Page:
Nettles are sometimes used in cheese making, for example in the production of Yarg and as a flavouring in varieties of Gouda.
Nettles are used in Albania as part of the dough filling for the byrek. Its name is byrek me hithra. The top baby leaves are selected and simmered, then mixed with other ingredients like herbs, rice, etc. before being used as a filling between dough layers.
Identify Effects of Poison Plant exposure (from WebMD):
The rash is caused by contact with an oil (urushiol) found in poison ivy, oak, or sumac. The oil is present in all parts of the plants, including the leaves, stems, flowers, berries, and roots. Urushiol is an allergen, so the rash is actually an allergic reaction to the oil in these plants. Indirect contact with urushiol can also cause the rash. This may happen when you touch clothing, pet fur, sporting gear, gardening tools, or other objects that have come in contact with one of these plants. But urushiol does not cause a rash on everyone who gets it on his or her skin.
- The usual symptoms of the rash are:
- Itchy skin where the plant touched your skin.
- Red streaks or general redness where the plant brushed against the skin.
- Small bumps or larger raised areas (hives).
- Blisters filled with fluid that may leak out.
The rash usually appears 8 to 48 hours after your contact with the urushiol. But it can occur from 5 hours to 15 days after touching the plant.1 The rash usually takes more than a week to show up the first time you get urushiol on your skin. But the rash develops much more quickly (within 1 to 2 days) after later contacts. The rash will continue to develop in new areas over several days but only on the parts of your skin that had contact with the urushiol or those parts where the urushiol was spread by touching.
The rash is not contagious. You cannot catch or spread a rash after it appears, even if you touch it or the blister fluid, because the urushiol will already be absorbed or washed off the skin. The rash may seem to be spreading. But either it is still developing from earlier contact or you have touched something that still has urushiol on it.
The more urushiol you come in contact with, the more severe your skin reaction. Severe reactions to smaller amounts of urushiol also may occur in people who are highly sensitive to urushiol. Serious symptoms may include:
- Swelling of the face, mouth, neck, genitals, or eyelids (which may prevent the eyes from opening).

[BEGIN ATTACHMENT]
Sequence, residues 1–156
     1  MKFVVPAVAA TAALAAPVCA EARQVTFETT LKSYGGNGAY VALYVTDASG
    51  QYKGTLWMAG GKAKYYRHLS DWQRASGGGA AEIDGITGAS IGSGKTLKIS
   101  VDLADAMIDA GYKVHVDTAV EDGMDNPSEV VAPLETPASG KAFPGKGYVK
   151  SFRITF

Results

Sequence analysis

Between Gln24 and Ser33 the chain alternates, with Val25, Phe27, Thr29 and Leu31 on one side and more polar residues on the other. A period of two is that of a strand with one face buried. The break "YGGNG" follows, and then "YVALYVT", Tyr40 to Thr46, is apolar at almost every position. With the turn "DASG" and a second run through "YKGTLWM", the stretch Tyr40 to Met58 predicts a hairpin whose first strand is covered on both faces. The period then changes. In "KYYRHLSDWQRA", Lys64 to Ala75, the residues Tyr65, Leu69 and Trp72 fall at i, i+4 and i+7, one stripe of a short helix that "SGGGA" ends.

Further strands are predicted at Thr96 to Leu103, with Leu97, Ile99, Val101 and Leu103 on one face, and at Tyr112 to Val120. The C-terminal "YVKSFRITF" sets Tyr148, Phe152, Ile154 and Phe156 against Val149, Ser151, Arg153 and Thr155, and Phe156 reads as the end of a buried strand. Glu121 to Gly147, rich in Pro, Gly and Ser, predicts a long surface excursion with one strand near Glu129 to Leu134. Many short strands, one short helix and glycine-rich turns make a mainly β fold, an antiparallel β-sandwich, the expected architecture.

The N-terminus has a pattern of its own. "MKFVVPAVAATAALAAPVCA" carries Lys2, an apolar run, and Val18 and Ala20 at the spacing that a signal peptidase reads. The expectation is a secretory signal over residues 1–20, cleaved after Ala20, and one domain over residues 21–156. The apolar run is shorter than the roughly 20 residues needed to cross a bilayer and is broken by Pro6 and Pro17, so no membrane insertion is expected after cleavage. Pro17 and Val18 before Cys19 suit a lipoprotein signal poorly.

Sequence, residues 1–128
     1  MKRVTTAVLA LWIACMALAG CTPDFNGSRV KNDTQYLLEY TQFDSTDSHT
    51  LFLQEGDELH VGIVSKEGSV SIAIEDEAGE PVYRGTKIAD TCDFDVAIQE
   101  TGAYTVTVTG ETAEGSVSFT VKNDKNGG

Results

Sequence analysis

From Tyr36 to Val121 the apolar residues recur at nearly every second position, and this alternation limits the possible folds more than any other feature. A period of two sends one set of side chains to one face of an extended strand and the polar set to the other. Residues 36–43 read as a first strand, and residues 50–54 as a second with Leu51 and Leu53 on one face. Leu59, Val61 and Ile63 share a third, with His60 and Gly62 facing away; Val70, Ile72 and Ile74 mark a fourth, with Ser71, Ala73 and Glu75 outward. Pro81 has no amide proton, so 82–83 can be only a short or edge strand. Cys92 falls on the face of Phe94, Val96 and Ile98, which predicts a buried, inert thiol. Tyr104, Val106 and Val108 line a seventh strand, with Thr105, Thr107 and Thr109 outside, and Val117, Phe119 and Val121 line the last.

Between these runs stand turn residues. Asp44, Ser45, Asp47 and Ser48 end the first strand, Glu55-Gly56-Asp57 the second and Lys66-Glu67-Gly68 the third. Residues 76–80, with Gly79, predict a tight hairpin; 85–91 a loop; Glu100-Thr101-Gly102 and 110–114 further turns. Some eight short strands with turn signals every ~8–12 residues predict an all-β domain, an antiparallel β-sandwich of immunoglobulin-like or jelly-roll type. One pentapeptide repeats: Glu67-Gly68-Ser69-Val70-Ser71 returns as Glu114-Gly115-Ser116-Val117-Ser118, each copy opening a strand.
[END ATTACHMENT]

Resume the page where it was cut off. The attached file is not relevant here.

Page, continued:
- Widespread, large blisters that ooze large amounts of fluid.
General Treatment (as recommended on wikiHow):
- Remove and wash your clothes. Strip off your clothes and place them in a plastic garbage bag, if possible. Wash your clothes separately from anything else as soon as possible.
- Apply rubbing alcohol. You can apply rubbing alcohol to your skin to dissolve the poison ivy or poison oak oils. Because the toxic oil from the plant seeps into your skin gradually, adding rubbing alcohol to the area will prevent the further spread. It won’t provide immediate relief, but it will stem the spread. You can also use an over-the-counter cleanser like Tecnu or Zanfel.
- Rinse the area with cool water. Never use warm or hot water, as this will open your pores and allow more of the toxins to sink in. If you’re able, keep the affected area under cold running water for 10-15 minutes. If you’re outdoors in the woods when you’re exposed to poison ivy or poison oak, then you can rinse your body off in a running stream.
- Completely clean the area. Regardless of the location on your body, make sure that it was thoroughly rinsed with water. If you touched the area on your body at all or the poison affected your hands, scrub under your fingernails with a toothbrush in case any oil from the plants was deposited beneath them. Throw the toothbrush away after you’re done.
- Use a dish soap that is used for oil removal to rinse the area of your rash. Because the toxins have been transferred to your skin in the form of an oil, using an oil-obliterating dish soap may help to reduce the spread of the rash.
- If you use a towel to dry yourself after washing the affected area, be sure to wash the towel with the rest of your exposed clothes immediately after use.
- Don’t scratch the rash. Even though the rash is not contagious, you could break the skin and allow bacteria to enter the wound. Don’t touch or pop any blisters that may form, even if they are weeping. If necessary, cut your nails short and cover the area to keep yourself from scratching it.
- Cool off the exposed area. Apply cold compresses or apply an icepack for 10 to 15 minutes. Make sure that you don’t apply ice directly to your skin; always wrap your ice pack or compress in a towel before application. Also, allow the area to air dry instead of rubbing it with a towel if you get your rash wet.